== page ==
European Union vice president: Crypto is here to stay, but classification is needed

Crypto is here to stay, but classification is needed, EU leader says

The European Union (EU) is expected to introduce regulations for the cryptocurrency industry within the next couple of months. It had previously announced that it would have some type of framework in place by August, but had to push back the timetable due to the intricacies of the crypto ecosystem. The union recognizes the value of digital currencies and understands that it is now becoming an integral part of the landscape. This belief was reinforced by recent comments of the European Commission Vice President, Valdis Dombrovskis, who stated that crypto assets are “here to stay.”

Dombrovskis was speaking at a meeting held by the Economic and Financial Affairs Council in Vienna when he made his remarks. He added that, in spite of the “recent turbulence” in the crypto markets, the industry “continues to grow.” He stressed that the EU will allocate resources to “categorize and classify” crypto assets this year and to determine if existing financial regulations in the EU are sufficient to cover digital currencies, or if new regulations will be needed.

The European Commission is already working with European Supervisory Authorities to create “regulatory mapping” of digital currencies and other crypto assets with the goal of providing a solid foundation for the status of the assets. That mapping will also be used to advance the space and help it mature in accordance with global guidelines.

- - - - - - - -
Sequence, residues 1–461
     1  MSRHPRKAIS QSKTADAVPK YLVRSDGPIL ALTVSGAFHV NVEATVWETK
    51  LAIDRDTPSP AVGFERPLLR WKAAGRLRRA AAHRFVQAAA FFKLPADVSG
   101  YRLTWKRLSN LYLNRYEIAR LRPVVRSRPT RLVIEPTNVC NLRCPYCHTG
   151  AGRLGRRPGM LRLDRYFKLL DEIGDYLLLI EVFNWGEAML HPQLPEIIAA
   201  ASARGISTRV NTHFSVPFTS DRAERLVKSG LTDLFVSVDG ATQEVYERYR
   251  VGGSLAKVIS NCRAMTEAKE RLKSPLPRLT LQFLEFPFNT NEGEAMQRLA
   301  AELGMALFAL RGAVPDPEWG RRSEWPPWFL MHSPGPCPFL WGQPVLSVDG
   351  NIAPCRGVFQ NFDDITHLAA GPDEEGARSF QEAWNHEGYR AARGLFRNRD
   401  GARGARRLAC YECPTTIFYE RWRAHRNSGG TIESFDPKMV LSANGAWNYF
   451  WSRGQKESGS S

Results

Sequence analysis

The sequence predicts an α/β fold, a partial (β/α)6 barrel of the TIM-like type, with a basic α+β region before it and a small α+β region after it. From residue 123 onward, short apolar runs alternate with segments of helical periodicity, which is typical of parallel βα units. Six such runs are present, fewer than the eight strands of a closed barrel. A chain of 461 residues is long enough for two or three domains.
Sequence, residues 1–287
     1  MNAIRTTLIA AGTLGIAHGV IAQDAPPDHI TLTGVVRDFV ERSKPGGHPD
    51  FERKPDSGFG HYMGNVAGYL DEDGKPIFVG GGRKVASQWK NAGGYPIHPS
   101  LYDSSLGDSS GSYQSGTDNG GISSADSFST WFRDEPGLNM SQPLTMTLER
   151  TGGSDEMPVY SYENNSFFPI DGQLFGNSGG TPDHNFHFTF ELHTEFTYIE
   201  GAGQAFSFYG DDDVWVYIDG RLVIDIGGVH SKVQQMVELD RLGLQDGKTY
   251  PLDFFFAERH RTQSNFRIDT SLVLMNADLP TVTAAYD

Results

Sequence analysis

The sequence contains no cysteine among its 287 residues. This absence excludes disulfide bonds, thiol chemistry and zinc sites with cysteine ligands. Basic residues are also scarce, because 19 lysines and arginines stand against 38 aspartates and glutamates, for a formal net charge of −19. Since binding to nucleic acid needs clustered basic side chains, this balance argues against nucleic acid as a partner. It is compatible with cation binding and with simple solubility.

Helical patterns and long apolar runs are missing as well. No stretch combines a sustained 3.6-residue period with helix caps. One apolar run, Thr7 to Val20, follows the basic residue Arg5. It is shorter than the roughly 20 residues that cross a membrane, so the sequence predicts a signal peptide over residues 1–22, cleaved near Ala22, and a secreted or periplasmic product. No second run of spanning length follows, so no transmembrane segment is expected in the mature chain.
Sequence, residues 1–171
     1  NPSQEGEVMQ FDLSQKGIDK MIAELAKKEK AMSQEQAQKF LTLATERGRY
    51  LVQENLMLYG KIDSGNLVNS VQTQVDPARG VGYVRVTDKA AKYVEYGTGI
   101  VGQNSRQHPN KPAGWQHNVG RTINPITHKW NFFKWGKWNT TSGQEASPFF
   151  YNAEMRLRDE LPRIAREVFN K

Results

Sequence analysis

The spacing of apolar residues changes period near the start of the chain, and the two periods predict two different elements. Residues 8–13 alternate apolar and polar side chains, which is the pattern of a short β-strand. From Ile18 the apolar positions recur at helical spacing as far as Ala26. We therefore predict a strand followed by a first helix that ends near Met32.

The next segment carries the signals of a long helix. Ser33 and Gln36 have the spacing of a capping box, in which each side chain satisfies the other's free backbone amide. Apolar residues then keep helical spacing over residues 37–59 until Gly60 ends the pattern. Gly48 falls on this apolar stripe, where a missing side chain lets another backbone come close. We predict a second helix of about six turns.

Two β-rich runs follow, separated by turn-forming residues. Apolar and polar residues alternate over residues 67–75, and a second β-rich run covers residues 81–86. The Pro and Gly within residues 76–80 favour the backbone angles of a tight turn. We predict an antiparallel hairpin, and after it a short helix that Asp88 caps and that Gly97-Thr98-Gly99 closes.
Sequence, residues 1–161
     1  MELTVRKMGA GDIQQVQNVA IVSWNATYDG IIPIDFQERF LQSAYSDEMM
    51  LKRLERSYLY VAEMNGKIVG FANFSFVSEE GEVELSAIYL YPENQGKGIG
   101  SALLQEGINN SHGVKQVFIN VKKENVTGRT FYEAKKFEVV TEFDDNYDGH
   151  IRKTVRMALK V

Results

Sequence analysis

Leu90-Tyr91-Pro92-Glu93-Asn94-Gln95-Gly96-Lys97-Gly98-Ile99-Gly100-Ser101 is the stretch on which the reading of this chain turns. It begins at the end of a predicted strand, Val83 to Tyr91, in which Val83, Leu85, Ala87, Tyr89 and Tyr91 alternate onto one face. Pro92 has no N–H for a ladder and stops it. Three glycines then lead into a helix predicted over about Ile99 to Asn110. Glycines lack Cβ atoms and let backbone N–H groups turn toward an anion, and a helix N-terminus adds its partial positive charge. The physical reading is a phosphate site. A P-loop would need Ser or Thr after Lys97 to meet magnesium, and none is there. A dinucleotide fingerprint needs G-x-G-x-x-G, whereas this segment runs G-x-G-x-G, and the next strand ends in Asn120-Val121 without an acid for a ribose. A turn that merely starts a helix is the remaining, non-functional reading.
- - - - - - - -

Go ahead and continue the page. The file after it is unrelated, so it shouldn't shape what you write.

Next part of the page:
Dombrovskis also touched on initial coin offerings (ICO) during his speech, providing support for the initiatives as a “viable form of alternative financing.” He pointed out the $6 billion accumulated through ICOs last year, adding that the amount could be substantially higher by the end of this year.

The commissioner also touched upon some of the risks that have been associated with crypto—money laundering, fraud, market integrity and investor protection, to name a few. He suggested that the EU, as well as regulators in other jurisdictions, need to continue to monitor the industry and work closely with partners in the G20 and at the Financial Stability Board (FSB).

The FSB recently asserted that cryptocurrency assets are not a threat to global financial stability. However, it added that the market growth is substantial enough that in-depth monitoring is warranted.

Regulations and clarification are seen by some as a deterrent to future crypto growth. However, as has been seen on numerous occasions in traditional financial markets, regulations can actually help the industry expand, is it gives investors a greater amount of confidence to enter the space.

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